Stomatopod Images

Lysiosquillina maculata. Lysiosquillina maculata.

Photographs by Stuart Hutchison

Dogging a spearer: Lysiosquillina maculata

The photographer says:

Both photos are of the same specimen on the same dive in Milne bay, PNG. He was around 25 cm long and just swam around (at night) quite uninterested in me until I got really close. Then he proceeded into deeper water (about 8m) to try to throw me off before returning to the shallows where his nest was. It was a rare opportunity to photograph a spearer out in the open.

This species is the largest of all stomatopods, with some specimens reaching nearly half a meter. It is also monogamous, an admirable trait (at least in humans). Dr Caldwell's site states that the male and female live in the same burrow, but have different “jobs”—the female takes care of the eggs and the male hunts for food for both of them. Thus, the males can be distinguished by their larger eyes and larger raptorial appendages.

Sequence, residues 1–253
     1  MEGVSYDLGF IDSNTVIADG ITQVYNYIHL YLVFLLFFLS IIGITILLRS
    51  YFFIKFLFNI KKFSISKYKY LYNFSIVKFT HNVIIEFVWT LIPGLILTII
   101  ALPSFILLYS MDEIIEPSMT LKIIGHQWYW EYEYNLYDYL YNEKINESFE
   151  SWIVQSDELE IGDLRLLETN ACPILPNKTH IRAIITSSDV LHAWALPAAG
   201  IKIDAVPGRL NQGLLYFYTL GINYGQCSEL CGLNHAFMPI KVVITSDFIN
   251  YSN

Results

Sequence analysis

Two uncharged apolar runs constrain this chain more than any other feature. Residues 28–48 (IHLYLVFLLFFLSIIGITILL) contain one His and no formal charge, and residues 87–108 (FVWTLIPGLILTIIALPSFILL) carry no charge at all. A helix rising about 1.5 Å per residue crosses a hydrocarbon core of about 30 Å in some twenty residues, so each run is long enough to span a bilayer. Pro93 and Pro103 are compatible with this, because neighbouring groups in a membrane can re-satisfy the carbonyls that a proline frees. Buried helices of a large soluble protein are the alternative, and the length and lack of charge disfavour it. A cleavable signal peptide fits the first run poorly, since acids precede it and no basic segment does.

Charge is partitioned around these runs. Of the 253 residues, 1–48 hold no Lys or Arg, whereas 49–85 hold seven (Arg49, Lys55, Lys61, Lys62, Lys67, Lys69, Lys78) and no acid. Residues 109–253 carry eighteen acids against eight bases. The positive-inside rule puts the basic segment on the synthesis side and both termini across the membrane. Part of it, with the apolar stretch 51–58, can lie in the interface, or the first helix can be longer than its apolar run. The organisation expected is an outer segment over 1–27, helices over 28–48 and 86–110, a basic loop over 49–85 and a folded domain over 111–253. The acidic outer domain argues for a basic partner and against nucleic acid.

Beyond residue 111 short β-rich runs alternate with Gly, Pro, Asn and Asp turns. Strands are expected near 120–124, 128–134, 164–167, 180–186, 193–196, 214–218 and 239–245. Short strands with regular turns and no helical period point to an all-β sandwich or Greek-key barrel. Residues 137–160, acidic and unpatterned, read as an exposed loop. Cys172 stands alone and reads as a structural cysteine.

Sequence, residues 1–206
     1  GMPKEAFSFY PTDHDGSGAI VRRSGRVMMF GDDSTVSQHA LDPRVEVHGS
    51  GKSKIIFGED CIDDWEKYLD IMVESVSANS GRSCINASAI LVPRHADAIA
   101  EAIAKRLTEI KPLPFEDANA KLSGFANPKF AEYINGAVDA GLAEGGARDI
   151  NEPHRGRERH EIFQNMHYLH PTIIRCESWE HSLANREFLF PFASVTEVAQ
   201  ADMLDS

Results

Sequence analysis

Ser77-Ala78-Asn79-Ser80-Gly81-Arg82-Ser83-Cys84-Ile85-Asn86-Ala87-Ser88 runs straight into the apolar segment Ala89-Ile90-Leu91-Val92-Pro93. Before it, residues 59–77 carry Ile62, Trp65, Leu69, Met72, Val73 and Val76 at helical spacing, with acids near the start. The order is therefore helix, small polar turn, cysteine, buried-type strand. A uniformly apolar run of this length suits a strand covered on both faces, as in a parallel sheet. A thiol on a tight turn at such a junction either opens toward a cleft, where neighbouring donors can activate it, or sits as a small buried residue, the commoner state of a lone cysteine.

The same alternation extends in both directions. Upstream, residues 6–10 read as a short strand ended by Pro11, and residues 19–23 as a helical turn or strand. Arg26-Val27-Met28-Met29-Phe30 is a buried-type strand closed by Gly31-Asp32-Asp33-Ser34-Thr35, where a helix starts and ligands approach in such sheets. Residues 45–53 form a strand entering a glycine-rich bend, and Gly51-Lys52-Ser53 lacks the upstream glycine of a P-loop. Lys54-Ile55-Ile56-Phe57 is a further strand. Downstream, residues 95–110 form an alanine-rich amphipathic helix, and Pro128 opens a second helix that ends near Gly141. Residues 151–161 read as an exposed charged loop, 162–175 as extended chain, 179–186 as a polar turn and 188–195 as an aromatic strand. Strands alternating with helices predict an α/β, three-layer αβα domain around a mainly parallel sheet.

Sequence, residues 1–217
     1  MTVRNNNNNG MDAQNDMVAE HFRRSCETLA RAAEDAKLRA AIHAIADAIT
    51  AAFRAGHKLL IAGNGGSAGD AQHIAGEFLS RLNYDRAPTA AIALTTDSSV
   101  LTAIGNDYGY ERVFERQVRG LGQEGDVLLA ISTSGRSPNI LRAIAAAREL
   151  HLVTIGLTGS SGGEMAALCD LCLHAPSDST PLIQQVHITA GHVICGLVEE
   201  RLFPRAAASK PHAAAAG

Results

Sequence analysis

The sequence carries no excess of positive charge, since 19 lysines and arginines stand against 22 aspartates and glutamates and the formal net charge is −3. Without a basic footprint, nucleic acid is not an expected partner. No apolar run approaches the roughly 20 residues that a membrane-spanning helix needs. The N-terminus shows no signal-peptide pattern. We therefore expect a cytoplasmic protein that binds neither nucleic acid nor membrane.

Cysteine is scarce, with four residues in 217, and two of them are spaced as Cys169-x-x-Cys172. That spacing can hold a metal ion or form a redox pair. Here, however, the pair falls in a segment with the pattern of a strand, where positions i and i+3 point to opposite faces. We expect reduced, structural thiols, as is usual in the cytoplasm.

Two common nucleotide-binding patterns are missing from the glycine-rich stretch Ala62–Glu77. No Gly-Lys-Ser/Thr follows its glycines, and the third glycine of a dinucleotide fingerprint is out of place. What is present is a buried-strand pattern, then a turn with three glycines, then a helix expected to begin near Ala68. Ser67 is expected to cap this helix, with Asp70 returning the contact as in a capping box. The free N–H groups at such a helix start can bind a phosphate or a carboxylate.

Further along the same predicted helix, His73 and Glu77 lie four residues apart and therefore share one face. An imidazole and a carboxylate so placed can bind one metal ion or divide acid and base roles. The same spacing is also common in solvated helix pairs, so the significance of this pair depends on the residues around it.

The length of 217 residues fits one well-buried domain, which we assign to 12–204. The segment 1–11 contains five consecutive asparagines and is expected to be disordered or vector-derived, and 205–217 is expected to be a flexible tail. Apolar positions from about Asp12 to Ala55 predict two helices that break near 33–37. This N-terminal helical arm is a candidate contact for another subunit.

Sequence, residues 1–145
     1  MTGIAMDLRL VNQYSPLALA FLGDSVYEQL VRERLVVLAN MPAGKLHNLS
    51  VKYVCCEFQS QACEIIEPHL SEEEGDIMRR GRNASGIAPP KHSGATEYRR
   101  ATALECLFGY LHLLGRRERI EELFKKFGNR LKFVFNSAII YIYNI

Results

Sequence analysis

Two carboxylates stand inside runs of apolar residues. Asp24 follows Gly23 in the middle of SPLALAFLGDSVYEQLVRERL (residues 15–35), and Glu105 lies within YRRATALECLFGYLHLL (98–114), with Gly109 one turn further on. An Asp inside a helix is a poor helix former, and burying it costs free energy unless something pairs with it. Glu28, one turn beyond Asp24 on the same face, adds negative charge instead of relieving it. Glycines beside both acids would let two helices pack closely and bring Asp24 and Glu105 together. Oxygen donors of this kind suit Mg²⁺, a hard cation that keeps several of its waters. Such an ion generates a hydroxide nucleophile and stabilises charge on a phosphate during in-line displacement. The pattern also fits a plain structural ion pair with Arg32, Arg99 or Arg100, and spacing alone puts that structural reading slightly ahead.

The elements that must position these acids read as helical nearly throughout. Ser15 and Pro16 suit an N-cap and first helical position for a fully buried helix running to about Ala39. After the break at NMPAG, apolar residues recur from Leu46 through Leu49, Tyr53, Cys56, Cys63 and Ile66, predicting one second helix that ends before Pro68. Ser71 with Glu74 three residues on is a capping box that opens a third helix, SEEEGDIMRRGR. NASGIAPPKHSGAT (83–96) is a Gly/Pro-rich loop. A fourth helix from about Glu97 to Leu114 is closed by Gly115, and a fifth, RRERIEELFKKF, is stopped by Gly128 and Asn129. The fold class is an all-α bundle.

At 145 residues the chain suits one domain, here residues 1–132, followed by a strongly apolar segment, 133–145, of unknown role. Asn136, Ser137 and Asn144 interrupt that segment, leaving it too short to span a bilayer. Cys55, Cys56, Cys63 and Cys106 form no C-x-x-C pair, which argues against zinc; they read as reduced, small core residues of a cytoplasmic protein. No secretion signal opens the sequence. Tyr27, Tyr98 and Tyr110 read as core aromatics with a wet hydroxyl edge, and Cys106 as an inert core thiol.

This widespread species ranges from Hawaii to East Africa, and it lives in extremely long burrows in the sand and mud (with some burrows being up to 10 meters long), from the low intertidal zone to 20 meters in depth.

Visit Stuart's site for some other mantis shrimp pics.

Web Site Author: A. Sunjian
Site Created February 3, 1998
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